The online world in 2018 was shaped by hashtags like #MeToo, #NoBanNoWall, and #BlackLivesMatter. In 2019, the hashtag #ClimateStrike went viral thanks to the work of youth activist Greta Thunberg.
So, what does 2020 have in store in terms of popular hashtags? Well, they may not even make the cut on social media sites like Twitter, according to Moya Bailey, an assistant professor at Northeastern.
Bailey explains that with all of the social shifts starting to take place around the world, expressing their gravity and power in a hashtag may not be enough anymore. Twitter has been at the forefront of these types of movements for over a decade now. However, as it struggles to keep up with other social media platforms, it may be losing its grip a little bit.
Just like with Facebook, Twitter’s population is getting older, and it’s not drawing the crowds like it used to. In fact, other social media apps are doing this instead, leaving the older demographic online to the likes of Facebook and Twitter. This means that it is stagnant and showing no signs of letting up.
Pew Research Center conducted a study that claims the average age of Twitter users to be 40. Meanwhile, you have other social media apps like Snapchat and TikTok that attract a much younger demographic average, with most of them being under 30.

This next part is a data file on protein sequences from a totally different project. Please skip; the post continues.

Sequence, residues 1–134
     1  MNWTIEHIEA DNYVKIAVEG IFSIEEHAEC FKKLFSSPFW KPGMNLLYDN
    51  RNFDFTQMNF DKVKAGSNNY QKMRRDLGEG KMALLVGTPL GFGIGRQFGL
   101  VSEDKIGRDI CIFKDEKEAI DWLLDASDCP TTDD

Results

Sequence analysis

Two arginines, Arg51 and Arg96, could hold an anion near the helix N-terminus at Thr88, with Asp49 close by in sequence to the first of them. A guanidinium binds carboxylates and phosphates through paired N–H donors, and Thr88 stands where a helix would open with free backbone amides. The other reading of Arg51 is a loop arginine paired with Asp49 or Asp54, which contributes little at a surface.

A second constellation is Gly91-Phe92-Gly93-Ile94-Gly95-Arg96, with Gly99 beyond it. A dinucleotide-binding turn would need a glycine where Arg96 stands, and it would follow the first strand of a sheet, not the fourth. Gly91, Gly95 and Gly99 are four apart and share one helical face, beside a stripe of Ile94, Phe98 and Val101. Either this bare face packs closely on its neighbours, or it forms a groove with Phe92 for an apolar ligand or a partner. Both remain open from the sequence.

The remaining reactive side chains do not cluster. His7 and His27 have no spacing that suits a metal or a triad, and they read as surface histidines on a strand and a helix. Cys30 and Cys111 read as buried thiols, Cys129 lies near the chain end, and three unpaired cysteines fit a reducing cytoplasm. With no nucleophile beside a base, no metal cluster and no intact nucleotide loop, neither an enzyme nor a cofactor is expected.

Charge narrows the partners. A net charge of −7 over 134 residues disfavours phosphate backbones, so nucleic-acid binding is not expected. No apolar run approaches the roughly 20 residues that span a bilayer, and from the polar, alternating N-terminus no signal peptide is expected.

Because demographics are so different across the board, different trends are seen depending on which platform you’re on the most. For example, with TikTok, Bailey says that you can see things like memes and videos meant as a nice distraction. However, you can also see a bit of nihilism, too.
These nihilistic tendencies are seen more in the younger generations in general, she explains. It appears that the younger generation is getting better at predicting the future than its predecessors, and while they are making a lot of noise in this regard online, people don’t seem to be ultimately changing how they behave.
If you focus too closely on trending hashtags, Bailey says, you risk missing the ways in which the younger generation are getting together, and how they are filtering the political climate of 2020.
As for her own students, Bailey claims that she’s noticed a movement toward creating and developing communities that are enjoyed in person, away from the online world. She also takes note of how younger people spend their money, and how different it is to the older generation.
The point is that the younger generation shows behavior that indicates a strong desire for change that you may not necessarily see online. In order to read the youngest generation and the direction they’re hoping to take as they get older, you’ve got to look beyond the simple hashtags that are put online and associated with various tweets.
The world of online sharing and social media has come full circle in a way as more and more people seek the community of others in real life, as well as in the virtual world.